“A writer writes always” is something Larry, a character in Throw Momma From the Train, tells his creative writing students.
(Disclaimer: in the interest of complete transparency, now would be a good time to admit that I remember most of the lines from Throw Momma From the Train. What can I say? I like—in no particular order—1. movies about writers, 2. Billy Crystal, 3. Danny DeVito, and 4. twisted re-makes of Hitchcock films.*)
I suppose the line resonated with me because I have always considered myself a writer, and because the line happens to be true. A writer does write…always. You can’t stop it, it just happens. Sort of like Kevin James’ dance moves in Hitch.
I write because when I was a little girl, my mother took me to the library on a day that a famous children’s book writer was having a meet and greet. “Go on, talk to him,” she nudged, but being shy, I was content to watch from a comfortable distance. Still, that day I learned that writers were regular people. If I hadn’t seen him, it would have taken quite a bit of effort to convince me that books were written and didn’t just exist, like facts.
I write because in junior high, after having consumed every book in the house, my mother showed me her black binder that looked ancient to me because she’d had it since college. “It’s a book I was going to write,” she told me, and I read it. My mother wrote stories, submitted them, and was never published. So, I decided to continue her tradition.
When I was seventeen something extraordinarily ordinary happened to me and sparked an idea that became a novel. I typed it up and sent it to agents and editors and anyone whose address I could find. And it came back, again and again…and again. It didn’t happen the way I would have written it, but nothing ever does.
Finally, an agent wrote back with the words I’d dreamed of hearing: “Your novel has the potential to be a best seller.” All it needed, she assured me, was a final edit by a professional, and she knew just the guy. You can probably guess the rest of that story—it’s been written before. But the point of my version is that I was young, hopeful, and ultimately crushed.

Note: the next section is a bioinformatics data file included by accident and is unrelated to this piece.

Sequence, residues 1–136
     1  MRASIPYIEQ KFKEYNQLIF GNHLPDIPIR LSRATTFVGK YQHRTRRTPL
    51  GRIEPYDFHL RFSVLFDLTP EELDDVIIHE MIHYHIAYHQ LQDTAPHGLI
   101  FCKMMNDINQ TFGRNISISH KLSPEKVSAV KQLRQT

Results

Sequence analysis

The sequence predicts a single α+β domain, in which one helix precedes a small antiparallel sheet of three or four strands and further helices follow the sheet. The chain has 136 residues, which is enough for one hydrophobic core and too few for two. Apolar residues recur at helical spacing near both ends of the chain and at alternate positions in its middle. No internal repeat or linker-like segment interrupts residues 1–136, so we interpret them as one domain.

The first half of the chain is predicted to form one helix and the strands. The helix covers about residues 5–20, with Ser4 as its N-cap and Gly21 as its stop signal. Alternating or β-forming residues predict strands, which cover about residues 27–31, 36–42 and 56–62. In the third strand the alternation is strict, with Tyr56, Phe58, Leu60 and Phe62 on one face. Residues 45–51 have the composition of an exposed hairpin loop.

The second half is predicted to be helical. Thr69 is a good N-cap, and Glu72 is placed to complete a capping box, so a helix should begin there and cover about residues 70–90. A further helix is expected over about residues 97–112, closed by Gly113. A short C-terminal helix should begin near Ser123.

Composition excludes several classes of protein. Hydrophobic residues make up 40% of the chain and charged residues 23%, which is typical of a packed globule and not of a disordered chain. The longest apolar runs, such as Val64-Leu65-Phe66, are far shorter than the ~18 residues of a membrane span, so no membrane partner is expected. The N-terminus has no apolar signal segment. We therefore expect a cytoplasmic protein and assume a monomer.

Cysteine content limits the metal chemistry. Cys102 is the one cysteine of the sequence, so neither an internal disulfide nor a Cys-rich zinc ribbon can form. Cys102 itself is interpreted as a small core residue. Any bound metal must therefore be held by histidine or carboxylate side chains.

After that fiasco, writing didn’t hold the same allure it once had. I felt like throwing in the towel, switching to some other career that was less gut-wrenching/disappointing. So, I stopped writing. I stopped sending out my unsolicited manuscripts. I stopped reading magazines about writing. I stopped dreaming. But I couldn’t stop the stories. Eventually, I knew something better than I knew lines from Throw Momma from the Train: A writer doesn’t write for publication. A writer isn’t a writer because she is published. A writer writes, always. End of story.
*After watching Throw Momma From the Train (as an impressionable young girl), I had to see the original movie…Strangers on a Train. I regret to report that this led to a life-long addiction to** Hitchcock movies. A similar fascination with Hitchcock is what inspires my protagonist Maxwell Parker to suspect her new neighbor of murder in Maxwell Parker, P.I. The lesson? You never know what will happen when you introduce Hitchcock to a preteen with an over-active imagination!
**”a life-long addiction to” may be too strong a choice of words. Maybe “an extreme liking of” would be better. Because I can quit anytime. Really…I can…
- What about you…why do you write?